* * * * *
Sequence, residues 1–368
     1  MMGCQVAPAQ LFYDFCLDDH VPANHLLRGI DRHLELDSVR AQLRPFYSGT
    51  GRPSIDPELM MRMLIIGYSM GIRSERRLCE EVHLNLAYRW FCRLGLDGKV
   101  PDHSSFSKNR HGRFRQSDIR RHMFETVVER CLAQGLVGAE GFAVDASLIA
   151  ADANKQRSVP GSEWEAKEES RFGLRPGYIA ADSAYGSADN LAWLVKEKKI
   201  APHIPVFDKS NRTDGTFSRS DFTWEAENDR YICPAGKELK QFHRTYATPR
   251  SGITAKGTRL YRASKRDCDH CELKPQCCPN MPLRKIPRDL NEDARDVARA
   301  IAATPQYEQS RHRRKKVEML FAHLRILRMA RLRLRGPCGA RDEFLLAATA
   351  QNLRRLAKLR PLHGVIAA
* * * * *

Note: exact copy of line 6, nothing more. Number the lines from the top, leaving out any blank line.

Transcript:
   201  APHIPVFDKS NRTDGTFSRS DFTWEAENDR YICPAGKELK QFHRTYATPR